When the song comes to its rollicking conclusion, with the protagonist breaking his mother’s heart by leaving home in search of fame and the Midas touch (“you can change your mind become a doctor or a lawyer” she says), he sings “told her not to cry/man I ain’t comin’ home ‘til I can look you in the eye,” tossing out “if Rosie calls tell her I’m just staying busy staying gold” as he walks out the door, bringing the song full-circle and back to the mythical Rosalita. It’s a powerful piece of songwriting, superbly crafted and clever as hell in its references; sadly, you’ll probably never hear it on the radio the way that God and Elvis decreed it should be.

There’s nothing else on Let’s Live Forever that stands up to “Let’s Live Forever,” the song, but not for lack of trying. There’s no shame in this, though, ‘cause I’ve certainly heard albums that had less to build around than this fine opening song. There are plenty of other strong tunes hereabouts, all of ‘em plenty entertaining, illustrating that Bacon’s songwriting chops don’t begin and end with the first tune. “Outstanding” intros with a meaty Andy Smith guitar riff that echoes Lou Reed, Bacon opening with the wonderful line “she was standing in her driveway/lookin’ like Madonna in her prime/thought I saw her lookin’ my way/it mighta been a trick in my mind.” The song, about the fleeting beauty that any heart-on-sleeve romantic witnesses in everyday life, is both dream and reality - Rev. Keith A. Gordon


Pat Bacon's Rebellion - "Let's Live Forever"

Pat Bacon (self-titled debut cd)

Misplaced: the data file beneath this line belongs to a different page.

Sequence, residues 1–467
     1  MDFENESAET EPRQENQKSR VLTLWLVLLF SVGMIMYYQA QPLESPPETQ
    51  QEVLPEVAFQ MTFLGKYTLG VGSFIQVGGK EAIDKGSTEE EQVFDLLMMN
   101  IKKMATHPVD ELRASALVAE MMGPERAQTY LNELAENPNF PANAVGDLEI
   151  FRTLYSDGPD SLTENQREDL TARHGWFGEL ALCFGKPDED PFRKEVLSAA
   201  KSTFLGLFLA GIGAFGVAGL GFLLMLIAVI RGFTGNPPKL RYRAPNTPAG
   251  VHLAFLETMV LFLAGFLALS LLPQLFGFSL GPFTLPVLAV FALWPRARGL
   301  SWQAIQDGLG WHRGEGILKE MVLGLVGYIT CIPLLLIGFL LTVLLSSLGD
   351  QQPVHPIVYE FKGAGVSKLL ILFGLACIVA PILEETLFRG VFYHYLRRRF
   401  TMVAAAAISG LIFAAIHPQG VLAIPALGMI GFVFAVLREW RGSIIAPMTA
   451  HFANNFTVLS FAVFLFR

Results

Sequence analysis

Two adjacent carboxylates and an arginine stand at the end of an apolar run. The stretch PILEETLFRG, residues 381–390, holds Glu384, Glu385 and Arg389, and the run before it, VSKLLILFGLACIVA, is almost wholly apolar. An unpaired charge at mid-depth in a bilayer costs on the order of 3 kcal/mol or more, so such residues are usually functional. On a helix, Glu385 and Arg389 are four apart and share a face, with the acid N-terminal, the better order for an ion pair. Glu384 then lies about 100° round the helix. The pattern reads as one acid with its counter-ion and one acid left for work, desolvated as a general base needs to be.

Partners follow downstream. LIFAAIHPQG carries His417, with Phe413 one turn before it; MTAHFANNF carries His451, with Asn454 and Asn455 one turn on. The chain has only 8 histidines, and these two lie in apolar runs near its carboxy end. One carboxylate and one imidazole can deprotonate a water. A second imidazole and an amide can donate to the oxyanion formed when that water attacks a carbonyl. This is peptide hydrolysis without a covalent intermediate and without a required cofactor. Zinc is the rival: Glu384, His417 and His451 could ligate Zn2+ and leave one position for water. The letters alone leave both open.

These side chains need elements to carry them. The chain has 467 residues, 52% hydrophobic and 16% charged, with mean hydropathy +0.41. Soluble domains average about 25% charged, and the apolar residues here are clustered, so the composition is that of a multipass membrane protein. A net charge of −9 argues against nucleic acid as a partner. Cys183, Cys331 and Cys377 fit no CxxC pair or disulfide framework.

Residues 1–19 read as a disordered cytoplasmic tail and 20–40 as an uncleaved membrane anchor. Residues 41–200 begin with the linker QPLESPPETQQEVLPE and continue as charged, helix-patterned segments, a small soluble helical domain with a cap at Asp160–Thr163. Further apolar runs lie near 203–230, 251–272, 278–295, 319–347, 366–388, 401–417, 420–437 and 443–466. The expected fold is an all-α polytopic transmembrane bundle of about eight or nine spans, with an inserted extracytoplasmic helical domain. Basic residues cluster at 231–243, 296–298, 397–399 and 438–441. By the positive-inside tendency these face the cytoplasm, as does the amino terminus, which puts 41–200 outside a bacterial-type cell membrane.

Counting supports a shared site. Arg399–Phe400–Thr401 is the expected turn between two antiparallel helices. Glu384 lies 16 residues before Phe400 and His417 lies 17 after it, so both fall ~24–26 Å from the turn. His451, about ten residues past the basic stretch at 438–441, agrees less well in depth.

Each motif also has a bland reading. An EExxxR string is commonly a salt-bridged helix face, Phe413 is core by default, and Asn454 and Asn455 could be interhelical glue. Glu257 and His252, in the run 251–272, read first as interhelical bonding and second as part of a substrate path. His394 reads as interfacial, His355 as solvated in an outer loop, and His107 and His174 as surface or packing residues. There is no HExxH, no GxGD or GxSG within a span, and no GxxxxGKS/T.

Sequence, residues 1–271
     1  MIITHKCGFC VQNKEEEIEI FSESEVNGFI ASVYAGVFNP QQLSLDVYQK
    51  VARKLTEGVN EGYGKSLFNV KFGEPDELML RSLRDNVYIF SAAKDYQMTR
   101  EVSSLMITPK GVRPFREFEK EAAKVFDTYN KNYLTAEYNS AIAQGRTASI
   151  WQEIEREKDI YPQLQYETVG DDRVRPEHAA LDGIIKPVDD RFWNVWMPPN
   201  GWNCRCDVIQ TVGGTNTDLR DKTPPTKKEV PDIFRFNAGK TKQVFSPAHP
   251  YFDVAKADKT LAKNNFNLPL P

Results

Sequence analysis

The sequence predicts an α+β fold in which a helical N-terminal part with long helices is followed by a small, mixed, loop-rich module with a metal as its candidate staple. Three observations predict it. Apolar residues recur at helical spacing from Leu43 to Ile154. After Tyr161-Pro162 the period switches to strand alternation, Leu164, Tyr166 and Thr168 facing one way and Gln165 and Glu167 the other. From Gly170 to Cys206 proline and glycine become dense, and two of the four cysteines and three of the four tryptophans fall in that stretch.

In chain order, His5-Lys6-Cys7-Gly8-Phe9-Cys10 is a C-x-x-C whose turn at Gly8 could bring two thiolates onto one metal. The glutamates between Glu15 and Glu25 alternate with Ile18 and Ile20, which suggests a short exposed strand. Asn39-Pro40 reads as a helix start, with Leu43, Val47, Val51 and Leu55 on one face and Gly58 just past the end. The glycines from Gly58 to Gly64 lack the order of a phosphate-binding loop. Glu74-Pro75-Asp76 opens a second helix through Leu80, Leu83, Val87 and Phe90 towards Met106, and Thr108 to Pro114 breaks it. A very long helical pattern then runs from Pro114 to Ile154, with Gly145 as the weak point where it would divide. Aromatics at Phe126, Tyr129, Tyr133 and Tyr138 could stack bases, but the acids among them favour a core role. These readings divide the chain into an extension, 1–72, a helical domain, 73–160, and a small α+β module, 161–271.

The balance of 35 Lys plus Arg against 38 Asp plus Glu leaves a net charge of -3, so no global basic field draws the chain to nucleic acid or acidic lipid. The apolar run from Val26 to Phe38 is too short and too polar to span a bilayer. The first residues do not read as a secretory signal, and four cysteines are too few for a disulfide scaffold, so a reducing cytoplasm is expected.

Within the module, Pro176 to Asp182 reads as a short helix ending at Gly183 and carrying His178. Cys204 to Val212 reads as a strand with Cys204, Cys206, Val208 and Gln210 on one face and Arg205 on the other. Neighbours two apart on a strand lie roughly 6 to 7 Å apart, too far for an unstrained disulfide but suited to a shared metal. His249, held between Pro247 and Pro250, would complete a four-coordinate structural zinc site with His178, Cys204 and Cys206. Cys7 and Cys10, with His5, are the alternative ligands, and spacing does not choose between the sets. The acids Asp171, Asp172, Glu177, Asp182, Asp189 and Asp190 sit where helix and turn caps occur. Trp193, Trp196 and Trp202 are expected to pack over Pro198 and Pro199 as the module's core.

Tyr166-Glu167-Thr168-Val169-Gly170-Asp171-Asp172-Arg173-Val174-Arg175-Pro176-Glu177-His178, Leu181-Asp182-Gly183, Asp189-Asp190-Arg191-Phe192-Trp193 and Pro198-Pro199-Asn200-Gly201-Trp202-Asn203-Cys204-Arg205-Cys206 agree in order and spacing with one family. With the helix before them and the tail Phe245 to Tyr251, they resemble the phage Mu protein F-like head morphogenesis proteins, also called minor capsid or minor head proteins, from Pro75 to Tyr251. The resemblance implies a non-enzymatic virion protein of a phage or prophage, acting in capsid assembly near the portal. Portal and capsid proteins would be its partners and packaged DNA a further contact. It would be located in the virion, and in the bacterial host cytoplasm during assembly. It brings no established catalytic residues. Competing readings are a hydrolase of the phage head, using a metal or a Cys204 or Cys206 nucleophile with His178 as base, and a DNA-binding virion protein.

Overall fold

Pat Bacon - The Lucky Ones

All available at Itunes, CDBaby, and most download services

Recently released "Let's Live Forever" is already hitting airwaves.

Several tracks from The Lucky Ones have gotten airplay, some significant. "City Nights", "In Heaven" and "Audrey" are most prominent. Three tracks from the debut CD have gotten play, with "We Were Cool, Too" being the most significant. The CD has been played at over 125 stations and is still in the rotation four months later at some independent stations.



Pat Bacon is a music junkie who is pursuing his real passion after a career in finance. He writes storytelling songs reminiscent of early Springsteen and John Prine, incorporating more recent influences such as Todd Snider, David Gray and Counting Crows. Bacon currently has the #1 song in the Comedy genre as well as a song in the top 10 of the very competitive Americana charts.

Bacon's Rebellion is tight, with each talented musician respecting the others to give appropriate spacing. Bacon has recorded three independent CDs in the past four years and his songwriting has recieved critical acclaim from Nashville professionals. Promotion of the recently released "Let's Live Forever" is beginning in August, 2007.